Director: Michael Haneke. Cast: Christian Friedel, Leonie Benesch, Burghart Klaußner. 144 min. Rated R. Austria/Germany/France/Italy. Drama.
I'm forming a love-hate relationship with Michael Haneke. I loved his Cache, hated his Funny Games, but The White Ribbon left me dumbfounded. The overlong black-and-white story of a small pre-WW I German village, actually gives a very clear picture of how WW II came to be. Unlike movies offering a cozy nostalgic feeling of some long lost good old days, this ultra-dark picture of a certain generation is extremely difficult to relate to - and nevertheless leaves you disturbed. Only for die-hard movie fans; but if you're one of them, at the end, you'll wake up in a daze.
Update: I have a habit of always reading reviews after I've seen a movie (and after writing my review!). I just read Roger Ebert's incredible interpretation of the movie, which although slightly undermines my above-mentioned Nazism theory of the movie, is ingeniously put:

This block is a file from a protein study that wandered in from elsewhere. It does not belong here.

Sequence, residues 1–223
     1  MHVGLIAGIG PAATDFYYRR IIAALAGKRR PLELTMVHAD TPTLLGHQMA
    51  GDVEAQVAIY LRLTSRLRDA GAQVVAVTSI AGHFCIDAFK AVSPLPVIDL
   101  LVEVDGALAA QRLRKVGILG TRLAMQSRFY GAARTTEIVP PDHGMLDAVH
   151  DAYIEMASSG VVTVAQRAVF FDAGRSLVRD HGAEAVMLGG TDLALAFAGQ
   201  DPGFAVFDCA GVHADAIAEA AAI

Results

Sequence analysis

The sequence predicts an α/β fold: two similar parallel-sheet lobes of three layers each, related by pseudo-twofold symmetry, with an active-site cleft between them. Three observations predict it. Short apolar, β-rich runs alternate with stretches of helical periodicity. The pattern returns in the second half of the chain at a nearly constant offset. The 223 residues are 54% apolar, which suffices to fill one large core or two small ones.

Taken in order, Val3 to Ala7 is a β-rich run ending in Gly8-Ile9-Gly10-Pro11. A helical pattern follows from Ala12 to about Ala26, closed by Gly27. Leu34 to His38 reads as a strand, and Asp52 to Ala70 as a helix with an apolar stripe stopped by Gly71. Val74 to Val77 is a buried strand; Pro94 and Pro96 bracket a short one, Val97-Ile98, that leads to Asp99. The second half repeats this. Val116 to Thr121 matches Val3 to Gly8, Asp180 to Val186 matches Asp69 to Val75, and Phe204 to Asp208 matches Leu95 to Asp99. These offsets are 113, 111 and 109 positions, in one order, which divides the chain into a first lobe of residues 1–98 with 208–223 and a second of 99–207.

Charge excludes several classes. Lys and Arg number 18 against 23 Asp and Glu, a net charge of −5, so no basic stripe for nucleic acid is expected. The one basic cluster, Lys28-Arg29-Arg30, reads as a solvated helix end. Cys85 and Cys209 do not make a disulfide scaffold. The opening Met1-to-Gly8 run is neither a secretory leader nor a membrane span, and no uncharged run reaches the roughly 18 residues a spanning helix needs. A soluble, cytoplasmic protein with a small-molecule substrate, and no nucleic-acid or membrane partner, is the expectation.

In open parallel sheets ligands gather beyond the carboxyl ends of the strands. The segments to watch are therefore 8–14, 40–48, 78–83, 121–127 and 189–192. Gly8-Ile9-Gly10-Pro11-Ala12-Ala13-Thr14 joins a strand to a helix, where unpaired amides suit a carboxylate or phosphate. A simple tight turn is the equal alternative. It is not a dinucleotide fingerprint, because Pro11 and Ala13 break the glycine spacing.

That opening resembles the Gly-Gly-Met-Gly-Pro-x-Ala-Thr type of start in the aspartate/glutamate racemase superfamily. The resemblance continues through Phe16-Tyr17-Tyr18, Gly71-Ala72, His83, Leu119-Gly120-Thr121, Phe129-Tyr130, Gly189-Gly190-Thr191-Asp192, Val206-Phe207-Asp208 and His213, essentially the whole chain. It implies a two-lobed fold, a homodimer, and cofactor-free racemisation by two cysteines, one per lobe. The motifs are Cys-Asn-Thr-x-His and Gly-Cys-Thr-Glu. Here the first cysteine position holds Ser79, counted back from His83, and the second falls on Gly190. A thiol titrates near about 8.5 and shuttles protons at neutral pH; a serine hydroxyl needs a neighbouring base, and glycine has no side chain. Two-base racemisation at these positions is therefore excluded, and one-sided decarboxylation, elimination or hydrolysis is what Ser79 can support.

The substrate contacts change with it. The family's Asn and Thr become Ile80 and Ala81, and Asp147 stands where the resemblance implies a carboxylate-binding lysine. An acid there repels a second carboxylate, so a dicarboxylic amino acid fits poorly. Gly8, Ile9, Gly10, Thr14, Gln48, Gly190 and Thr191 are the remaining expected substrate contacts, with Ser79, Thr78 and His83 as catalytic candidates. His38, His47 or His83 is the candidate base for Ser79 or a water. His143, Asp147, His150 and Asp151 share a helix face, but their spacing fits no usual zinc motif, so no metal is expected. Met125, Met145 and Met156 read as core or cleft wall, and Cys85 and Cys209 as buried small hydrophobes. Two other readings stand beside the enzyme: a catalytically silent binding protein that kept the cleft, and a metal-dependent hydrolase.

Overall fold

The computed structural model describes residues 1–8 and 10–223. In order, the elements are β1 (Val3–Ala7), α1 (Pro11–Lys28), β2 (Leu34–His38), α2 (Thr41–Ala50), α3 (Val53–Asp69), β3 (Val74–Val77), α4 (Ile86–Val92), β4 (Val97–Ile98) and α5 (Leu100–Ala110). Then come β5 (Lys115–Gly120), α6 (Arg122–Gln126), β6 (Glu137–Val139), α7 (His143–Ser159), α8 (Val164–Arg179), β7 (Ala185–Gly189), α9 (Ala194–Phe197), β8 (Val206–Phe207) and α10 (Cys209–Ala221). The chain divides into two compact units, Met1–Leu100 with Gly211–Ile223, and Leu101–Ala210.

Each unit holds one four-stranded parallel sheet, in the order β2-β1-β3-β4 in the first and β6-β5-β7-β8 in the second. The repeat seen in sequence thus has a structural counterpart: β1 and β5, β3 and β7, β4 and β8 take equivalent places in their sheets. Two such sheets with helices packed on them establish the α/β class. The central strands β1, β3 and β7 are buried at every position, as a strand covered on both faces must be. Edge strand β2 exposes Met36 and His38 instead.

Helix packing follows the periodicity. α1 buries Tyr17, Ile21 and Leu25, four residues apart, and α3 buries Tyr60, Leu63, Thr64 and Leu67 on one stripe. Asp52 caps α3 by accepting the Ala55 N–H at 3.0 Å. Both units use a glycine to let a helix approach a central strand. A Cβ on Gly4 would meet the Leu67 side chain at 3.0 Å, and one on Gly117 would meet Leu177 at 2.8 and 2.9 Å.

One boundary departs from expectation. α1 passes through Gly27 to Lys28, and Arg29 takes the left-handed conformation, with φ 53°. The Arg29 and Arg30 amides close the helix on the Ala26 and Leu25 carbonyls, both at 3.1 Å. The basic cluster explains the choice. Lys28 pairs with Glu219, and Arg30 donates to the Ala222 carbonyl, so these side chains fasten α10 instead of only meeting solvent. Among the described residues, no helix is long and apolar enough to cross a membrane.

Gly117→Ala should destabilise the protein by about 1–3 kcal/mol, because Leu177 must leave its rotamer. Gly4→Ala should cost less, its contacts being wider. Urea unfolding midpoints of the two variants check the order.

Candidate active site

"... It's too simple to say the film is about the origins of Nazism. If that were so, we would all be Nazis. It is possible to say that when the prevention of evil becomes more important than the preservation of freedom, authoritarianism grows. If we are to prevent evil, someone must be in charge. The job naturally goes to those concerned with enforcing order. Therefore, all disorder is evil and must be prevented, and that's how the interests of the state become more important than the interests of the people.
"I wonder if Haneke's point is that we grow so disturbed by danger that we will surrender freedom -- even demand to. Do we feel more secure in an orderly state? Many do. Then a tipping point arrives, and the Berlin Wall falls, or we see the Green Revolution in Iran. The problem, as philosophers have noted, is that revolutionaries grow obsessed with enforcing their revolution, and the whole process begins again."